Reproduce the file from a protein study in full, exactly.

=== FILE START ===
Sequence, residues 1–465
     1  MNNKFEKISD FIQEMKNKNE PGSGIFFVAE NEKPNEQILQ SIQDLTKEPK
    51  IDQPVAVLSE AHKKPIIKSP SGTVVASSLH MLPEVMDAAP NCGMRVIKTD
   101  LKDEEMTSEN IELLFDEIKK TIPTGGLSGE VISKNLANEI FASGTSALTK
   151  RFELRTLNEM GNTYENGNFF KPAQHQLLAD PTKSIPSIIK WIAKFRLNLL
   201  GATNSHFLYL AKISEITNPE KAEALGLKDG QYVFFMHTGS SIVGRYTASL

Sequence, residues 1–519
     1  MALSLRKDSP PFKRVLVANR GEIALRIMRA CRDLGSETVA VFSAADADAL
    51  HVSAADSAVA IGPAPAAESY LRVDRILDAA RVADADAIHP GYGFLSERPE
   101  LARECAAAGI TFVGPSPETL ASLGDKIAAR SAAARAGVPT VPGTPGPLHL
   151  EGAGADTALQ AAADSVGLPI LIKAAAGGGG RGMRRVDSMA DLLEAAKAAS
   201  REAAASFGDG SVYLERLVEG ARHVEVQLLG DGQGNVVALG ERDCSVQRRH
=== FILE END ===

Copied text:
Sequence, residues 1–465
     1  MNNKFEKISD FIQEMKNKNE PGSGIFFVAE NEKPNEQILQ SIQDLTKEPK
    51  IDQPVAVLSE AHKKPIIKSP SGTVVASSLH MLPEVMDAAP NCGMRVIKTD
   101  LKDEEMTSEN IELLFDEIKK TIPTGGLSGE VISKNLANEI FASGTSALTK
   151  RFELRTLNEM GNTYENGNFF KPAQHQLLAD PTKSIPSIIK WIAKFRLNLL
   201  GATNSHFLYL AKISEITNPE KAEALGLKDG QYVFFMHTGS SIVGRYTASL

Sequence, residues 1–519
     1  MALSLRKDSP PFKRVLVANR GEIALRIMRA CRDLGSETVA VFSAADADAL
    51  HVSAADSAVA IGPAPAAESY LRVDRILDAA RVADADAIHP GYGFLSERPE
   101  LARECAAAGI TFVGPSPETL ASLGDKIAAR SAAARAGVPT VPGTPGPLHL
   151  EGAGADTALQ AAADSVGLPI LIKAAAGGGG RGMRRVDSMA DLLEAAKAAS
   201  REAAASFGDG SVYLERLVEG ARHVEVQLLG DGQGNVVALG ERDCSVQRRH